The Australian - Wish Magazine
Dealer-designer Richard Shapiro has nurtured a rich, layered aesthetic during a life of passionate curiosity
DuringtheItalianRenaissance,anewroomwas born. Small but opulently appointed, it came to be known as the studiolo. A refuge of study and contemplation, it announced its owner’s embraceofthespiritofartsandlettersstemmingfromthe “rediscovery”ofclassicalculture,whichdistinguishedthe epoch as one of the greatest in all of human achievement. Walls might be adorned with cycles of paintings inspired by Greek or Roman mythology, speaking to his, or on occasion, her, virtue; while collections of manuscripts, medals and sculpture, both ancient and contemporary, attested to cultivation and learning.
Studioli morphed over time into works of art in their own right and a handful survive today – at least the cabinets do, if not their assemblages of curiosities. One is the studiolo and grotta commissioned for the ducal palace in Mantua by Isabella d’Este, the uberchic marchioness believed by some, for a time, to have been the model for Leonardo’s Mona Lisa. And another, created by Federico III da Montefeltro at the ducal palace in Gubbio – Federico was the father-in-law of Isabella’s sister – eventually made it all the way to New York, where it now resides at the Metropolitan Museum.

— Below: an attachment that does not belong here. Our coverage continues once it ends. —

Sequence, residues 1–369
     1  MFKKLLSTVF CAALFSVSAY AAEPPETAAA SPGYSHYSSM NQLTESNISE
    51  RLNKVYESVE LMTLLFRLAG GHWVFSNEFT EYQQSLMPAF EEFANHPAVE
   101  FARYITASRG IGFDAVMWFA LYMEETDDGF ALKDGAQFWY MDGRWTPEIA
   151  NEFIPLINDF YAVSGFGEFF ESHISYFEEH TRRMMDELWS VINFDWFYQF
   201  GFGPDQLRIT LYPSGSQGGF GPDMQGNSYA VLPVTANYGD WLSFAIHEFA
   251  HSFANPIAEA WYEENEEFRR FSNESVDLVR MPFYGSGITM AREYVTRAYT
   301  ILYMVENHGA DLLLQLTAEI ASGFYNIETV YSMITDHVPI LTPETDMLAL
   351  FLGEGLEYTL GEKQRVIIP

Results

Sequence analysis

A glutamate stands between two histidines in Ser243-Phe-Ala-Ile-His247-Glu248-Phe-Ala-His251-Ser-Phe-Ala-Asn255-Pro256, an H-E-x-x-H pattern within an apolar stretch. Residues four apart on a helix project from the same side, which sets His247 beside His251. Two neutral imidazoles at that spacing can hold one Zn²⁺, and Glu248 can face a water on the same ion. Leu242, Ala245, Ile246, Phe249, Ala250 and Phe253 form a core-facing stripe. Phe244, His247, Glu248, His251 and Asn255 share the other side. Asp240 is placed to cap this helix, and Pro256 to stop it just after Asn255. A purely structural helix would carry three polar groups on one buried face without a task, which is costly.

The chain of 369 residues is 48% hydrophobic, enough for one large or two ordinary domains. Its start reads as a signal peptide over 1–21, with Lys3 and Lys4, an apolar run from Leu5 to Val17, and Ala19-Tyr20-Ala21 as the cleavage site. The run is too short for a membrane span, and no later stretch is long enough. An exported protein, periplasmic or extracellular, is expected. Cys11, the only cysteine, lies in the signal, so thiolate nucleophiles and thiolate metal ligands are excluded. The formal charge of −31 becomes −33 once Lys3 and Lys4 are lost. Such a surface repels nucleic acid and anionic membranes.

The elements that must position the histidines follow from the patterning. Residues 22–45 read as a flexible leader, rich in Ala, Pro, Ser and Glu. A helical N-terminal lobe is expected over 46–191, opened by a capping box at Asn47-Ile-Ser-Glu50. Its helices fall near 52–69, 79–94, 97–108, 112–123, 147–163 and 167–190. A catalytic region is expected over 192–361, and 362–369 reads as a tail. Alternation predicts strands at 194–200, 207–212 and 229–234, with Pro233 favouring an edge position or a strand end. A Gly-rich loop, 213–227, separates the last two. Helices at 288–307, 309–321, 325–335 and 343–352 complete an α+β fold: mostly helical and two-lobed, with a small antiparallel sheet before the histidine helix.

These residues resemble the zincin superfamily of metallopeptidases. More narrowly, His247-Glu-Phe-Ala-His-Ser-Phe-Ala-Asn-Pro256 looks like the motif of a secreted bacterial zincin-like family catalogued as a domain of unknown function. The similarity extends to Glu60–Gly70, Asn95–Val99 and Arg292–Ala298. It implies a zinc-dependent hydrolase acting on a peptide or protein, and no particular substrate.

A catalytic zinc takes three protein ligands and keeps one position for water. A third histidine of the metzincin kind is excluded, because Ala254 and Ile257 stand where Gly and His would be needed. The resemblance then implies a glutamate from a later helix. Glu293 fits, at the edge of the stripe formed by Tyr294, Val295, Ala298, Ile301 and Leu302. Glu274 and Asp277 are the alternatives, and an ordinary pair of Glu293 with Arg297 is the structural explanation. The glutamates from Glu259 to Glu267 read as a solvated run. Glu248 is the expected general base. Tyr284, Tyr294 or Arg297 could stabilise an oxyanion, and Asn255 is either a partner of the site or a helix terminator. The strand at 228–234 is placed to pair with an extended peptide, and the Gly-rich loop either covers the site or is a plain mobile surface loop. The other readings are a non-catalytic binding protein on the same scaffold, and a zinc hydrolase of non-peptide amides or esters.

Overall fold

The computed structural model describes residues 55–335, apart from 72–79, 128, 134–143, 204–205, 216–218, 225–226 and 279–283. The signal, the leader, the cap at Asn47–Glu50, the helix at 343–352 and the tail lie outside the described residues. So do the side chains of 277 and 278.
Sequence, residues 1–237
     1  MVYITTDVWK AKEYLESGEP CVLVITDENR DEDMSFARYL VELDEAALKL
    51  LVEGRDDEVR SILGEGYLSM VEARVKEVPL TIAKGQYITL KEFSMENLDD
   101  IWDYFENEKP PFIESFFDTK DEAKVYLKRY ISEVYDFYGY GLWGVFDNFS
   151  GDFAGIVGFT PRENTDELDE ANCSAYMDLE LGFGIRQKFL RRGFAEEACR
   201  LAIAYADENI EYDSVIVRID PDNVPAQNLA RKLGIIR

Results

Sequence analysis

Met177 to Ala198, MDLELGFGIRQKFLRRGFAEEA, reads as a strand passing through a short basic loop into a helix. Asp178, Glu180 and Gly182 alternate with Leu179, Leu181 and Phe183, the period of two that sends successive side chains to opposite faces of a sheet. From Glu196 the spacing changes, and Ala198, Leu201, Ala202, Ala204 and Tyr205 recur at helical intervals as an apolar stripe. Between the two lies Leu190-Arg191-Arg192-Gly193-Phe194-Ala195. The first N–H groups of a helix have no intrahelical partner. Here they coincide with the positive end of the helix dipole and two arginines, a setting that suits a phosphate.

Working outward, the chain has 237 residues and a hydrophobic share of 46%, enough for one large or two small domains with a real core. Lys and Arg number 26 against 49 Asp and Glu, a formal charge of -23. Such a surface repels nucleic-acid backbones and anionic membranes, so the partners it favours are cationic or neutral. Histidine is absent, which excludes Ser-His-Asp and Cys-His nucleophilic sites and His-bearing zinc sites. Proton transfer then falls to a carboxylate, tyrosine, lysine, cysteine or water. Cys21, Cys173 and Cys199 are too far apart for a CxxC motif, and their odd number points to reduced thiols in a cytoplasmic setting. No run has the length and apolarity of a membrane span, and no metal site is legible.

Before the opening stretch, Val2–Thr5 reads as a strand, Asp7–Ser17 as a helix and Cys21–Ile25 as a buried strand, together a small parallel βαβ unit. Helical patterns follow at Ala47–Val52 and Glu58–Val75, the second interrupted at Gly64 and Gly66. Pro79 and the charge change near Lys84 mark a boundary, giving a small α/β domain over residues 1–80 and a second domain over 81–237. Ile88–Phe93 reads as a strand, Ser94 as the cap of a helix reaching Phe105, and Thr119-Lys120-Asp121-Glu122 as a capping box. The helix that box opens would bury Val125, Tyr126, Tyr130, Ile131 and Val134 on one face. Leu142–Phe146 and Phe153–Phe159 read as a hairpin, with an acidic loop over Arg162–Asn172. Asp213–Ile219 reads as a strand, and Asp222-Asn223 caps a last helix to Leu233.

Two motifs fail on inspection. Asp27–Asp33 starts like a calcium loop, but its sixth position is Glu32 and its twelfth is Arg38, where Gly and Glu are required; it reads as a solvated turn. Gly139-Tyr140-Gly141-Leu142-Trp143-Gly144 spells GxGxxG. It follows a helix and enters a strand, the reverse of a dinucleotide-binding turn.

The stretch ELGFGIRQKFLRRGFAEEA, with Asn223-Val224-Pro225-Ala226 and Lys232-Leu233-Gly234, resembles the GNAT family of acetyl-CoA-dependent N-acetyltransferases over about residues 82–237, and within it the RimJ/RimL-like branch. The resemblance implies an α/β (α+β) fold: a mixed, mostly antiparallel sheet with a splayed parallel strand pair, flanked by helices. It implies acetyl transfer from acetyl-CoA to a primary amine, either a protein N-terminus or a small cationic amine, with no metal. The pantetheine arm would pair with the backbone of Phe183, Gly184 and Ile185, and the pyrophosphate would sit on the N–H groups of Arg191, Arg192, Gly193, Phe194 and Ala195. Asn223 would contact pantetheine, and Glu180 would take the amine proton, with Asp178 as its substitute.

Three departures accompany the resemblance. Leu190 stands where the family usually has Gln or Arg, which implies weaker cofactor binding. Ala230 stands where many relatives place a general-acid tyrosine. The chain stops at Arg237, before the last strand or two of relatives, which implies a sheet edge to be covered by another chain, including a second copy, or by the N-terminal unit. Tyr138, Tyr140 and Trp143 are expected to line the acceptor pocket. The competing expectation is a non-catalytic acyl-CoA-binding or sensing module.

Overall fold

Speaking of the New World, it was while leafing through a copy of Architectural Digest in the early 2000s that I had my first encounter with the concept of the studiolo. It belonged not to an Italian blueblood of the 15th century but to Richard Shapiro, a designerantiquarianaliveandkickingin21st-centuryLosAngeles. Shapiro had taken the name of that jewel box of a room and applied it to his design business, his striking single and double-page advertisements revealing over time a gutsy but elegant aesthetic. White slip-covered sofas with the finest of arms were offset by étagères and tiered side tablesrecallingJansenorMarcduPlantier,whilefringed clubchairsandBordonileatherscreensconjuredtherich theatricality of the Cordoba leather-clad Paris drawing room of Rudolf Nureyev. So far these are all Shapiro’s own designs, though punctuated by fabulous antiquities and other pieces from the 17th and 18th centuries.
Appearing in a plethora of publications over subsequent years, images of the dealer-designer’s own homes added to this vision of a romantic but erudite oeuvre. First came the Florentine Villa, Shapiro’s Italianate reworking of a 1920s Hispano-Moorish home in Holmby Hills, Los Angeles. That was followed by